Spring on the Cape is at its peak this week, with trees budding, boats going back into the water, gardens being cultivated, summer cottages being opened and the pungent smell of salt water filling the air. Clamming licenses are being renewed, and fishermen are painting and repairing their boats – it’s an exciting time to live on Cape Cod!
The beauty and stillness that I found as I walked along the harbor boardwalk yesterday was palpable. “It’s time to make chowder”, I thought to myself. A visit to Cape Cod just isn’t complete without a steaming bowl of chowder. If you can’t get to the beach this summer, try this recipe to bring the beach to you!
- Place the salt pork or bacon in a heavy 5 quart sauce pan and set over medium heat. Cook, stirring occasionally, until the bacon is brown and crisp (don’t burn!). Remove the bacon bits w/ a slotted spoon and reserve.
- Add the onion, celery, bay leaf and thyme to the drippings and sauté until they are wilted and golden.
- Add the flour and cook for about 1 minute, then add the potatoes and clam juice (both the bottle juice and the liquid reserved from the clams). Set the kettle over medium high heat and bring to a rapid simmer, then reduce the heat and cook for 15-20 min until the potatoes are tender.
- Remove the bay leaf. Stir in the cream and heat, uncovered, without allowing the mixture to boil.
- When the mixture is hot, add the clams and the bacon bits and cook for another 5 minutes without boiling. Season with kosher salt and pepper, to taste.
- Serve immediately, putting a pat of butter on the top of each bowl of chowder w/ a small piece of bacon and a sprinkling of paprika to garnish. Don’t forget the chowder crackers!
This salad is a lovely and light “one platter” meal for those hot summer days. The warmth of the cutlets over the chilled baby spinach, cooks the leaves slightly, allowing you to bite into a refreshing combination of textures — soft and crunchy. I first served this on a hot day in Italy, and was taken by not only the beauty of the fabulous colors on the platter, but also the lemony and nutty flavors of the greens. Arugula can be substituted for the spinach, which will give it a more “peppery” flavor. Accompanied by a freshly made basket of rolls, you now have an elegant lunch. Andiamo Mangiare!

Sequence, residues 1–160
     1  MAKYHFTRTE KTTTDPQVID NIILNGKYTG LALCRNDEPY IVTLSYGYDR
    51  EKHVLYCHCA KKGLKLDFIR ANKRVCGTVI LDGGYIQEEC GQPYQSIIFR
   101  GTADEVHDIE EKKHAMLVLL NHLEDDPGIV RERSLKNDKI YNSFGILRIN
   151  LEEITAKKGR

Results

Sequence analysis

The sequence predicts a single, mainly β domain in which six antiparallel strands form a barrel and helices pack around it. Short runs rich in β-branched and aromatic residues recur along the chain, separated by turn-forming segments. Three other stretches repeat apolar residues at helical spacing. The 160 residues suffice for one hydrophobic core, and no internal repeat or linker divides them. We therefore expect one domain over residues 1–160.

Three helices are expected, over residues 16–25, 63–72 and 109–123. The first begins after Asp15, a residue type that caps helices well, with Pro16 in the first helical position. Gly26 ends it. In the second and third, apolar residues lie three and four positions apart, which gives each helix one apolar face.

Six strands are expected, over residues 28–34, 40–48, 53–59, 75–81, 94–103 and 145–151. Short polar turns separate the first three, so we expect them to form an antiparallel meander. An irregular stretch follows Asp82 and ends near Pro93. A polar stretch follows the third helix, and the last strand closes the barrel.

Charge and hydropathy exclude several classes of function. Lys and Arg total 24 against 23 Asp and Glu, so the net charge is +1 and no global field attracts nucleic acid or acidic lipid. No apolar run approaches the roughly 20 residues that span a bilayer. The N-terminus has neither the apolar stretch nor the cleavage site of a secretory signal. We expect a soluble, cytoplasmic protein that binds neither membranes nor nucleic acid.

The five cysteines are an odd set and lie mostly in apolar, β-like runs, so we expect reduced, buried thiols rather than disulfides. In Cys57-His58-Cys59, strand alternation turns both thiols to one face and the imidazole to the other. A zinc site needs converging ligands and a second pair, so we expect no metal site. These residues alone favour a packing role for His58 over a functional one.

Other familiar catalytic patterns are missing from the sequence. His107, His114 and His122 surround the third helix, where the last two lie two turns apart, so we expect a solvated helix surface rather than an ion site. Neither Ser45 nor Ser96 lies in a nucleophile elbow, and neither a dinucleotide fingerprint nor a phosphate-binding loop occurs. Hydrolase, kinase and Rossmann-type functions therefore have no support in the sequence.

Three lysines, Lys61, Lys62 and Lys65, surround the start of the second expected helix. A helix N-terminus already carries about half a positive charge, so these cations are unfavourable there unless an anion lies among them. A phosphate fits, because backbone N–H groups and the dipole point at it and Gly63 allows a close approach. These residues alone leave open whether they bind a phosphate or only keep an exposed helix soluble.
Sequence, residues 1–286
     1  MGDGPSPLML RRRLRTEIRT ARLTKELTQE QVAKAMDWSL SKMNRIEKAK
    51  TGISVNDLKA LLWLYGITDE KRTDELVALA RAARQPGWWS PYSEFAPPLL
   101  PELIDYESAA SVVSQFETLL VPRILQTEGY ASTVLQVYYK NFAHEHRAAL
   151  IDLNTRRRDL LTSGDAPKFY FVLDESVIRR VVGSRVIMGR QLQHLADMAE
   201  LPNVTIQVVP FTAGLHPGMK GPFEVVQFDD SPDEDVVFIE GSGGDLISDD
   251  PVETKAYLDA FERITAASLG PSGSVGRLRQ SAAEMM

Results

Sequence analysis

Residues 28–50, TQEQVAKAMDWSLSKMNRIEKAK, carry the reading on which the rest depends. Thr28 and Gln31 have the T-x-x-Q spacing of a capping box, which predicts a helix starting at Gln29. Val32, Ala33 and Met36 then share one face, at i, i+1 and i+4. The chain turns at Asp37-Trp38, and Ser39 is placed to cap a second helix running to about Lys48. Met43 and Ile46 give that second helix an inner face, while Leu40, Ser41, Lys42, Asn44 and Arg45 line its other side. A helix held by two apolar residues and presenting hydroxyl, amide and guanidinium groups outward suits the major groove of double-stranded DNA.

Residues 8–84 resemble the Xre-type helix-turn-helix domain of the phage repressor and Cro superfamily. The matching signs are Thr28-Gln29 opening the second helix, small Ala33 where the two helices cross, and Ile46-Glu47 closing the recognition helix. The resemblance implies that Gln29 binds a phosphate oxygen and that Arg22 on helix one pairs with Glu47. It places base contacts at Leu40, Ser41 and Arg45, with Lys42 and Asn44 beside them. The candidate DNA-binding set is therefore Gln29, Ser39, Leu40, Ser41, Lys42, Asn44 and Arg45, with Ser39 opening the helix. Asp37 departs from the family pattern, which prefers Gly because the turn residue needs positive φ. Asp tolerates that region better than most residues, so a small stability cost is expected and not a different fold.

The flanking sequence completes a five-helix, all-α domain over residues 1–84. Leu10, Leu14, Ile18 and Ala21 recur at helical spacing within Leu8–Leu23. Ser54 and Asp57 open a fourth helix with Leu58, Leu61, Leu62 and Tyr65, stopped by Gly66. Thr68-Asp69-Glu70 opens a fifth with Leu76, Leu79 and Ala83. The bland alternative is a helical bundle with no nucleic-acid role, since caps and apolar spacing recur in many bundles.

Summertime Spinach and Turkey Cutlet Salad
- Make your coating for the cutlets according to instructions above
- Salad Dressing: Mix all ingredients in a jar and shake well to combine. Taste and adjust seasonings as needed.
- Coating for Cutlets: Combine all of the above in a blender until fine crumbs are made – adjust seasonings to taste
If cutlets are thick, pound with meat hammer until the cutlets are about ¼” thick. Put coating mixture in a small pan and coat both sides of the cutlets well with the crumbs.
- Coat the bottom of a cast iron or other heavy duty skillet with olive oil and 1 Tablespoon of butter (to prevent burning) and heat. Once sizzling, reduce the heat to medium, add the cutlets and brown on both sides. Tip: don’t turn the cutlets over until they are ready to “release” from the pan or else all the coating will come off the cutlet!
- Meanwhile, prepare your vegetables and fruit for the salad (slicing etc)
- Fill the bottom of your serving platter w/ the baby spinach and toss lightly with the dressing and then a sprinkling of onion salt and fresh parmesan cheese (or dress in a bowl and transfer to platter afterwards).
- Once the cutlets are cooked and while they are still warm, lay them over the bed of baby spinach, overlapping slightly to create some height in the center of your platter. Your baby spinach is going to cook slightly from the heat of the warm cutlets.
- Creatively, arrange your fruit and vegetables on top of the meat, and finish with a sprinkling of freshly grated parmesan cheese and red onion.
- Serve while the cutlets are still warm.